Today marks the public launch of a new network devoted to the defense and improvement of public education in the US. Led by renowned education historian, Diane Ravitch, the Network for Public Education will bring together grassroots activists and organizations from around the country, and endorse candidates for office, with the common goal of protecting and strengthening our public schools.
Diane Ravitch said, “The Network for Public Education will give voice to the millions of parents, educators, and other citizens who are fed up with corporate-style reform. We believe in community-based reform, strengthening our schools instead of closing them, respecting our teachers and principals instead of berating them, educating our children instead of constantly testing them. Our public schools are an essential democratic institution. We look forward to working with friends and allies in every state and school district who want to preserve and improve public education for future generations.”
Our nation’s schools are at a crossroads. Wealthy individuals are pouring unprecedented amounts of money into state and local school board races, often into places where they do not reside, to elect candidates intent on undermining and privatizing our public schools. The Network for Public Education will collaborate with other groups and organizations to strengthen our public schools in states and districts throughout the nation, share information and research about what works and what doesn’t work, and endorse and grade candidates based on our shared commitment to the well-being of our children, our society, and our public schools. We will help candidates who work for evidence-based reforms and who oppose high-stakes testing, mass school closures, the privatization of our public schools and the outsourcing of core academic functions to for-profit corporations.
Renee Moore, former Mississippi Teacher of the Year, said, “One of the greatest gifts the U.S. has given to the world is the promise of quality public education. It is also an unfulfilled promise. Public education is a critical part of America’s legacy, and the key to our future. We must defend and constantly improve it.”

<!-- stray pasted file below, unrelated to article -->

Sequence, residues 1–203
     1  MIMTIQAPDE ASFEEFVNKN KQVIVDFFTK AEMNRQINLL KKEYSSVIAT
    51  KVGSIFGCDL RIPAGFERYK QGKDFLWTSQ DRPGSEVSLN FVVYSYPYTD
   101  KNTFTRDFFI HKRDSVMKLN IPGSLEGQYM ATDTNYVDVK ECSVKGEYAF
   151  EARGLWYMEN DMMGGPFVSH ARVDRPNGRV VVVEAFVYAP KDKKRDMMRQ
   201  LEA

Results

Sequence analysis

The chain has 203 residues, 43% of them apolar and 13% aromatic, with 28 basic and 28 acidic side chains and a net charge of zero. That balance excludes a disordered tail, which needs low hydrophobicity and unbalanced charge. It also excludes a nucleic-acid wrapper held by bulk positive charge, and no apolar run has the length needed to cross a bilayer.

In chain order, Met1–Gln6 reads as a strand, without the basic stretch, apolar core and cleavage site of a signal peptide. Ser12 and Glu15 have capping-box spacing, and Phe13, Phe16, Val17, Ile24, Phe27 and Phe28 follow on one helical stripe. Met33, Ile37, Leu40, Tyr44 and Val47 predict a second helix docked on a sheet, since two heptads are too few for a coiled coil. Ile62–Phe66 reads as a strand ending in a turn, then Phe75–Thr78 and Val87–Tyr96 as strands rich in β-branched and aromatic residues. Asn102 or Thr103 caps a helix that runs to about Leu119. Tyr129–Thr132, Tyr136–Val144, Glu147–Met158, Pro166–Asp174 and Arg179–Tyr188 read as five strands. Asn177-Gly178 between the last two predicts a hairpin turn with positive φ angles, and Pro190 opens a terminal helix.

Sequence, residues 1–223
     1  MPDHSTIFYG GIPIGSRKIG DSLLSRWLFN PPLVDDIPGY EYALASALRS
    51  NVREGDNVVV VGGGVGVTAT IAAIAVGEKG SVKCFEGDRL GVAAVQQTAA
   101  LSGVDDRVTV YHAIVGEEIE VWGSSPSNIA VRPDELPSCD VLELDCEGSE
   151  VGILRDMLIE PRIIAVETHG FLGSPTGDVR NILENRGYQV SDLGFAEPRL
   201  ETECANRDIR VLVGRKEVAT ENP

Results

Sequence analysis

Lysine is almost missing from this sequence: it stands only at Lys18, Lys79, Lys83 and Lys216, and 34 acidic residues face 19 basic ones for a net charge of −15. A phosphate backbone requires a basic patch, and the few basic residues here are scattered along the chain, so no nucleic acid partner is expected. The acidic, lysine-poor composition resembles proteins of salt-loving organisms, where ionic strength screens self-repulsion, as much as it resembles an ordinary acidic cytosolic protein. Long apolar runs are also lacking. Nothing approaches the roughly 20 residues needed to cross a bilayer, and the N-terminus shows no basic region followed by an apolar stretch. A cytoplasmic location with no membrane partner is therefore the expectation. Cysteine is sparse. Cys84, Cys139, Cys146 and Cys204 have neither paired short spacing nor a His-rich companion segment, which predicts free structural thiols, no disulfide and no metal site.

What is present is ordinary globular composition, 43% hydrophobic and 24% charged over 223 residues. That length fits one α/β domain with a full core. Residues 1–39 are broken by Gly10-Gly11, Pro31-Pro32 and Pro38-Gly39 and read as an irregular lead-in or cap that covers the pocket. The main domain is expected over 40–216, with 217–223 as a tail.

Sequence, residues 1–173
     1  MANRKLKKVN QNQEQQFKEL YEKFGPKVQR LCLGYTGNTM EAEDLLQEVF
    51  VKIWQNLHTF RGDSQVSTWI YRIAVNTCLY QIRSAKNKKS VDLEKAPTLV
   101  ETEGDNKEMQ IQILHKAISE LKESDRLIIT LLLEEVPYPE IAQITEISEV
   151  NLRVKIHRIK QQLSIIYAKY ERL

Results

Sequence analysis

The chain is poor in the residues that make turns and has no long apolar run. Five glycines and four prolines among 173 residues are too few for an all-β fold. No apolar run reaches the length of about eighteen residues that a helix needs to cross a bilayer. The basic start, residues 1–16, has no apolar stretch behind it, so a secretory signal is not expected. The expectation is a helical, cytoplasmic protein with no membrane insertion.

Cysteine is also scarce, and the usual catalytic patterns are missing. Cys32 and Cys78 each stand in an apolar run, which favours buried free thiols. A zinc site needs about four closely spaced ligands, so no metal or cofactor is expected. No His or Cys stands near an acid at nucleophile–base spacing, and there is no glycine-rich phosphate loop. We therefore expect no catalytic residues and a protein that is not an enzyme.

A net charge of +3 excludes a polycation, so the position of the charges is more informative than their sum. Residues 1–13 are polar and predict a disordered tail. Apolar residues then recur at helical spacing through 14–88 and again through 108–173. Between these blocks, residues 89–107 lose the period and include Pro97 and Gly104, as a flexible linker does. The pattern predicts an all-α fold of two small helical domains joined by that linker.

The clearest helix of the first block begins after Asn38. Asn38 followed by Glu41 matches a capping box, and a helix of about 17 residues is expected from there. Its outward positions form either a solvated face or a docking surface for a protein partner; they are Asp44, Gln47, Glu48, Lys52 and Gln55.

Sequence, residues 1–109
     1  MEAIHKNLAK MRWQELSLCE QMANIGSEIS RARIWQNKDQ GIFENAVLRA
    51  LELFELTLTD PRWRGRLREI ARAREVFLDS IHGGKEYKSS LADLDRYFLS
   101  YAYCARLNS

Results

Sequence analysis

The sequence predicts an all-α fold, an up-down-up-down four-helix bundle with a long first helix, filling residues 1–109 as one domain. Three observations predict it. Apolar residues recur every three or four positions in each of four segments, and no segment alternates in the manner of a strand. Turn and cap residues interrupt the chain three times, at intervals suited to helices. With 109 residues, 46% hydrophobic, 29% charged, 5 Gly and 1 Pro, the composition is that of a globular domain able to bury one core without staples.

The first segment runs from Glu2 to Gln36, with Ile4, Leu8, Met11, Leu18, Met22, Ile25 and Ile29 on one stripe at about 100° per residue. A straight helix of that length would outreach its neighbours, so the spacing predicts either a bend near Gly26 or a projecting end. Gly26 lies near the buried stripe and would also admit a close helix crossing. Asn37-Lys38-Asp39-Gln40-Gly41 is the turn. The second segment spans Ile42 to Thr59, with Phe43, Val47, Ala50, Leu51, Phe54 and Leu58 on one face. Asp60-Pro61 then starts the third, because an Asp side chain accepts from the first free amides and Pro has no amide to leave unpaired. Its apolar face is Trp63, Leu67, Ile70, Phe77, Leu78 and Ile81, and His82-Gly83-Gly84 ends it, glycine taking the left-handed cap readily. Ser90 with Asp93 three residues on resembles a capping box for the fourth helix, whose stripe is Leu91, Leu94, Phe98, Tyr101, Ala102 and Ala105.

According to Anthony Cody, retired California teacher and columnist for Education Week: “As a teacher in Oakland I saw the effects of our obsession with tests first hand. Our students are learning less, and losing the chance to think for themselves as we put more and more pressure on them to perform well on tests. It is time for the millions of us who know better to challenge those who have put our schools on this path. This Network will allow us to learn from and support one another as we push for real school change.”
Leonie Haimson, NYC parent advocate and head of Class Size Matters, said: “With all the billionaire cash trying to buy elections, we need to amass people power to ensure that individuals who care about preserving and strengthening our public schools are elected to positions of power. As the recent Los Angeles school board election shows, when we are organized we can overcome the forces of the privateers and the profiteers, intent on pillaging and dismantling our public schools.”
According to Arizona parent activist and director of Voices for Education, Robin Hiller: “No school was ever improved by closing it. Every community should have good public schools, and we believe that public officials have a solemn responsibility to improve public schools, not close or privatize them.”
Phyllis Bush, a retired teacher from Indiana, said “Public schools are under assault in this country. Now more than ever it is imperative that concerned citizens unite to save the public school system. Our group, Northeast Indiana Friends of Public Education, and other grassroots groups helped to elect Glenda Ritz to become our Superintendent of Public Instruction, a huge victory against rampant and destructive education policies. With the creation of the Network for Public Education, we will reach out to others across the nation to fulfill the promise of public education.”
Added board member and Alabama education activist Larry Lee, “From my view, a lot more “ed reform” is because of the love of money, not the love of children. The result is that kids have become a very poor rope in a political tug of war. The only way to turn this tide is with the collective voices of the American public saying, ‘Enough is enough.’”
In addition to the individuals quoted above, the board includes Julian Vasquez Heilig , Associate Professor of Educational Policy and Planning the University of Texas at Austin. The Network will be inviting individuals to join as members and other organizations to become allies, to fight with us to preserve and strengthen our public schools.
Read NYTimes Article, Advocacy Group to Monitor Reform Efforts in Public Schools by Motoko Rich